- Author: Ann Hodgman
- Publisher: Henry Holt and Company Pub date: 2011
- Intended for: Ages 8 to 12
- Perfect for: Anyone looking for a smart, funny memoir about childhood.
My only reading goal for the year is to read more non-fiction. I really enjoy a good true story, insightful advice, a new way to look at things, or information on a topic I don’t know much about. But I find that if I don’t seek non-fiction books out, they don’t end up on my reading list. So when I was at the library last week, noticed that I had Ann Hodgman’s book on my list, and saw that it was a memoir, I decided to pick it up.
I’ve had this book on my To Read list for about a year and I don’t remember exactly where I heard about it, but I’m glad I found out about it somehow because the book was a fabulous surprise.
The book covers Hodgman’s life from early childhood up until the end of sixth grade. You wouldn’t think that that short period of time would warrant a memoir, but the author has plenty of silly and outlandish experiences and thoughts, so the pages are absolutely filled up with adventures that are so funny and so well-written that you can’t help but be happy that this book was published.
It’s an endearing look at her early life, friends, family, and the events that helped shape who she is today. And what makes it so readable—which is important in a memoir about a person you probably don’t know much (or anything) about—is her voice. She’s blunt and self-deprecating and she’s able to see the hilarity in everyday situations and she’s able to laugh at herself and the situations she got herself into.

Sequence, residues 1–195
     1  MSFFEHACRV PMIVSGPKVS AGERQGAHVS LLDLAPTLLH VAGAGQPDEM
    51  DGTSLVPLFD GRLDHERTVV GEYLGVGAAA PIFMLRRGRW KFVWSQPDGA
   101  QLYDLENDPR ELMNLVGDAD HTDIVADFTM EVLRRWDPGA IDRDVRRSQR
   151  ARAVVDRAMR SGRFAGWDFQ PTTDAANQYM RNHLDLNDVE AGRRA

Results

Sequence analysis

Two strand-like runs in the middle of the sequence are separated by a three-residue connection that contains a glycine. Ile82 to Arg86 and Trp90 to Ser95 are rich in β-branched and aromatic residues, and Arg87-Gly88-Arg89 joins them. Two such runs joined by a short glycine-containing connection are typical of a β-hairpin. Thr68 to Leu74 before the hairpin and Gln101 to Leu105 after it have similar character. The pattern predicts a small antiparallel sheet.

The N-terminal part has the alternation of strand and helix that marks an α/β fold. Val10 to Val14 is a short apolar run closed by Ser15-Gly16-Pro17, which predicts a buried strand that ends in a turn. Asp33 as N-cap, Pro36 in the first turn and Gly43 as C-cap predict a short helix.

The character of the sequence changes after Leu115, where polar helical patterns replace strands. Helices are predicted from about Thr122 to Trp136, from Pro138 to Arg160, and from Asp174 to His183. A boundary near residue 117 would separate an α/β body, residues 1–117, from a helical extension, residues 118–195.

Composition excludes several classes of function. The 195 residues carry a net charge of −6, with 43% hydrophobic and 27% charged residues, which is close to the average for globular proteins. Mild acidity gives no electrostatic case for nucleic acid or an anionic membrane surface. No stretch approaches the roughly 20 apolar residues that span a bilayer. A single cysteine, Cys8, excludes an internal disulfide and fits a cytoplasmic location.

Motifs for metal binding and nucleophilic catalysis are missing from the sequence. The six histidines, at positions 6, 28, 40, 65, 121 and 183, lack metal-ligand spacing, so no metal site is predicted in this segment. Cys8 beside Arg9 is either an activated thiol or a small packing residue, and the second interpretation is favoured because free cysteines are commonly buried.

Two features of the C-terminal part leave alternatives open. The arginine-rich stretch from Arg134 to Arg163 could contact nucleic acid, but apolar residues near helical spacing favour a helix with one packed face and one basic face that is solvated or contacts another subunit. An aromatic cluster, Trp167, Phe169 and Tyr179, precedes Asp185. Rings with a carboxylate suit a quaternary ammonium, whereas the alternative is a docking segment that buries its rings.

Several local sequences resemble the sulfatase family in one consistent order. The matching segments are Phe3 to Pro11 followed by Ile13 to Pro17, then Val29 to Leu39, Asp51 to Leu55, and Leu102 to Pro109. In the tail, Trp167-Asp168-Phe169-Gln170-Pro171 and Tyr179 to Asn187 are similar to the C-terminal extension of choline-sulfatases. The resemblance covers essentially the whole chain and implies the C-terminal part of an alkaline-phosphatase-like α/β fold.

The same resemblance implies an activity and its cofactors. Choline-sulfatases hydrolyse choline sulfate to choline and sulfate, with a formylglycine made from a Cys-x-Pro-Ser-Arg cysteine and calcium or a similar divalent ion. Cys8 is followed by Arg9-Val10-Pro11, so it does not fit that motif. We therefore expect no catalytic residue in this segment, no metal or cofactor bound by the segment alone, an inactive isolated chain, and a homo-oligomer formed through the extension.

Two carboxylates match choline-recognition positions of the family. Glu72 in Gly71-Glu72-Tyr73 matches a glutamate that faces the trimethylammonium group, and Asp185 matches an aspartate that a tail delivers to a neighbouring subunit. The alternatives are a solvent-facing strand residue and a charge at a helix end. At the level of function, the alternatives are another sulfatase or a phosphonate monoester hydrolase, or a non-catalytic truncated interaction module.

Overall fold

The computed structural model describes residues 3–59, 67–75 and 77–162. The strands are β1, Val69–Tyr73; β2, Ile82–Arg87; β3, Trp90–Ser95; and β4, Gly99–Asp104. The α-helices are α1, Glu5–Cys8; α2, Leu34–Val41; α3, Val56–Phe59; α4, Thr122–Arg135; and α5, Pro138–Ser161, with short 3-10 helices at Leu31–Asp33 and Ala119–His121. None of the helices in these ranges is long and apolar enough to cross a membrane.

And why would young readers want to pick up such a book? Because it lets them know that they’re not alone in the world in doing some silly, stupid, ridiculous, embarrassing things (sometimes on a daily basis). Hodgman gives some great perspective in that you can do lots of stupid stuff, wear some non-so-awesome things, and say stuff you probably shouldn’t, and yet, you’ll still be okay and you’ll grow up and be perfectly fine. What’s extra nice for young readers are the lists she includes at the end of the book: “A Few Things Grown-ups Say That Are (I’m Sorry) True” (such as “Be Nice to Everyone”) and “A Few Things Grown-ups Say That Aren’t True” (such as “Kids Have It So Easy Compared with Adults”).
Her straightforward voice will grab you, her stories will make you laugh, and her takeaways will make you smile and stay with you.
I’m so, so glad I got around to reading this book and I recommend it very highly.
Does anyone have recommendations for a good memoir—either children’s or adult?